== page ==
Views: 10313 NRSNG
Metoprolol (Lopressor or Toprol XL) - Know Your Drug
 
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In this week's episode of Know Your Drug, Bryan Kudlawiec and Greg Hare discuss the medication Metoprolol, also known as Lopressor or Toprol XL. Metoprolol is prescribed to treat a wide variety of disease states, but today Bryan and Greg talk about its importance in treating hypertension or high blood pressure. They highlight some of the important points of this disease state and risks involved with it. Discussion on how Metoprolol works to help decrease blood pressure and other important information such as side effects, monitoring parameters, and common usage. This information is general guidelines and is not meant to replace physician orders. Patients using Metoprolol should use this medication according to their prescriber!
The Grapefruit Effect on Medicines
 
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Why does grapefruit have an effect on some medicines?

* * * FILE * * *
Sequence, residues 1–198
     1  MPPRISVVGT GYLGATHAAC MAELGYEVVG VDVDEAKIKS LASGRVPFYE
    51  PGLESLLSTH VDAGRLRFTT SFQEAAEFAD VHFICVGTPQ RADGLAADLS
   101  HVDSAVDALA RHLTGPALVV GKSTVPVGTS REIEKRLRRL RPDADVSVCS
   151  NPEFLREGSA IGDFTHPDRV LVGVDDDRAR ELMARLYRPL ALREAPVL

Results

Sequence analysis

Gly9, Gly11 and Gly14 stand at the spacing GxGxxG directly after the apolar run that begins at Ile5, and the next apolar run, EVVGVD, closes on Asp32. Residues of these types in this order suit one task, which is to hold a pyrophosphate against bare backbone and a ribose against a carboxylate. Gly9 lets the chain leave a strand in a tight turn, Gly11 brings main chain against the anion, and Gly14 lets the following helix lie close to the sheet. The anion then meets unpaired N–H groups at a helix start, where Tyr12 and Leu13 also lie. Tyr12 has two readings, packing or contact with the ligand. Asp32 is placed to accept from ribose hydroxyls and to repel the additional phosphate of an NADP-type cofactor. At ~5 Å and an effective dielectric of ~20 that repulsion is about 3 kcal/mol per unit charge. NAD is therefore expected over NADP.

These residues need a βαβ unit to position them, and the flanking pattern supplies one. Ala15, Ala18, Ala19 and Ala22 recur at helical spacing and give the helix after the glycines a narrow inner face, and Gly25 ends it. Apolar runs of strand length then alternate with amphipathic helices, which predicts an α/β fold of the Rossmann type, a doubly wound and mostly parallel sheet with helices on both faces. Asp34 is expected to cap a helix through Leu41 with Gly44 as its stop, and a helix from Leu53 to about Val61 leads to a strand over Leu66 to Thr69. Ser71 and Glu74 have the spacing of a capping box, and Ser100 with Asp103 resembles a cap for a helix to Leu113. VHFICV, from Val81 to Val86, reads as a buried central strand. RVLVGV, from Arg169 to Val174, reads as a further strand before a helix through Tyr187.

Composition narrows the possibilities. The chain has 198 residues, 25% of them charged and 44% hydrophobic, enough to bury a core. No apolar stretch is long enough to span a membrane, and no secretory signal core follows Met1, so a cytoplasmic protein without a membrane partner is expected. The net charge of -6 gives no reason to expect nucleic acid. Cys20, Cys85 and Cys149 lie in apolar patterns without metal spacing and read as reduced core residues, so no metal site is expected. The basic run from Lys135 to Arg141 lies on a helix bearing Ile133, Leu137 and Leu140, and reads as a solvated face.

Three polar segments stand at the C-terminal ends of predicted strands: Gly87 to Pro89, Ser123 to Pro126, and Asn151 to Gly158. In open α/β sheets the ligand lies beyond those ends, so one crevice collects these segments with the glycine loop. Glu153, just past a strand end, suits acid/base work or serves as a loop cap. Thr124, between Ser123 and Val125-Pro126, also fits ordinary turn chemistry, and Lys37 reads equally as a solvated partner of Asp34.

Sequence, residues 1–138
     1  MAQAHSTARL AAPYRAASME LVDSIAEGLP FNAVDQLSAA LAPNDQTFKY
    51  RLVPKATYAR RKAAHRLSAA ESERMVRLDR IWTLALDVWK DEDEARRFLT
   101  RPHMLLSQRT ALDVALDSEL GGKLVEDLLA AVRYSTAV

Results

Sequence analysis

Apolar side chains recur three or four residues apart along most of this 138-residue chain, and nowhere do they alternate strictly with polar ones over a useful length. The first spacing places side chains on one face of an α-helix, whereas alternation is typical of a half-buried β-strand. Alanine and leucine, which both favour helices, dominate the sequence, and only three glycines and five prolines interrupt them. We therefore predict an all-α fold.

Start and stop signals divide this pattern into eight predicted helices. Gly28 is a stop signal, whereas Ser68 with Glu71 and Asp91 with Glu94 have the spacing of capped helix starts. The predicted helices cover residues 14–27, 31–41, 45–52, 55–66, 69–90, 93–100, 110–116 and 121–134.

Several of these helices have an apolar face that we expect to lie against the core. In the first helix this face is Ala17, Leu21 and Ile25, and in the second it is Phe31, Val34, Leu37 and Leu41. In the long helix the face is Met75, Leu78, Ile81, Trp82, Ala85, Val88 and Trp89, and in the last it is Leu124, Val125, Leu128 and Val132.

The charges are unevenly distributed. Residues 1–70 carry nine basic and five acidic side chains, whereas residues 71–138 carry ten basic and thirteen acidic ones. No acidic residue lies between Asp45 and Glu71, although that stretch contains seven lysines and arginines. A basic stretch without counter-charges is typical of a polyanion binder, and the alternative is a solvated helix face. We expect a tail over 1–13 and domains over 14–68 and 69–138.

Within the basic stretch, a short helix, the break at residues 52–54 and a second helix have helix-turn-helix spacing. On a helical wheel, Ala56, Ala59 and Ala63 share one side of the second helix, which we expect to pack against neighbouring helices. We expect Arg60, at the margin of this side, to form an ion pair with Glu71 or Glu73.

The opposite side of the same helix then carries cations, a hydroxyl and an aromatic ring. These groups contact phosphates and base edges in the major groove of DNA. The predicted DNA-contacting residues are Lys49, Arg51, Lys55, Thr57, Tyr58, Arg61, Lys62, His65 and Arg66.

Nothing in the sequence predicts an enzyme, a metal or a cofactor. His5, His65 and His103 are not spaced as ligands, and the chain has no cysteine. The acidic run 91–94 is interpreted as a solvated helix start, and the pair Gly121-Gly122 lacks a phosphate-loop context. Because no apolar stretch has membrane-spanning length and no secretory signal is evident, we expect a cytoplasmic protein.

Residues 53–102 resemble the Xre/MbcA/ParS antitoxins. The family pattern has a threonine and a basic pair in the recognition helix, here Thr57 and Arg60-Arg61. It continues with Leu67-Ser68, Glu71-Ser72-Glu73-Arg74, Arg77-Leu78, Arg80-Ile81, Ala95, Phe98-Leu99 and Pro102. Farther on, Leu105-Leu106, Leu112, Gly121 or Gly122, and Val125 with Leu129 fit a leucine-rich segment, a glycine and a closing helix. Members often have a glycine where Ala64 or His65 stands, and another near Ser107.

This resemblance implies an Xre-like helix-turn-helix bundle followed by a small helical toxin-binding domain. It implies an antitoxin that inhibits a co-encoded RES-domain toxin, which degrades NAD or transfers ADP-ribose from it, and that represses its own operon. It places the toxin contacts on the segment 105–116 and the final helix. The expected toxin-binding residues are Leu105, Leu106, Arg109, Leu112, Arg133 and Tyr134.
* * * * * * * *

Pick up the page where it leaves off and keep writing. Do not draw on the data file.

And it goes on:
Views: 255 DrLouiseA
FAQ: I take nitrates. Can I still use your medication?
 
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Some name brand erectile dysfunction medications are dangerous when used by a patient who is already taking nitrates. Dr. Kevin Hornsby of the Men's Medical Clinic explains why patients who are taking nitrates are still able to use the clinic's erectile dysfunction medication. Learn more about the Men's Medical Clinic, which has locations in: Florida: http://certifiedconsumerreviews.com/florida-mens-medical-clinic/ Georgia: http://www.merchantcircle.com/business/Georgia.Mens.Medical.Cllinic.678-638-6390 Ohio: http://about.me/ohiomensmedicalclinic Michigan: https://plus.google.com/b/108258917975488415252/108258917975488415252/about Maryland: http://www.goodpickle.com/site/memberProfile/422 Massachusetts: http://www.yellowpages.com/framingham-ma/mip/massachusetts-mens-med-clinic-472422128?lid=472422128 Pennsylvania: http://www.kudzu.com/m/Pennsylvania-Men's-Medical-Clinic-25721594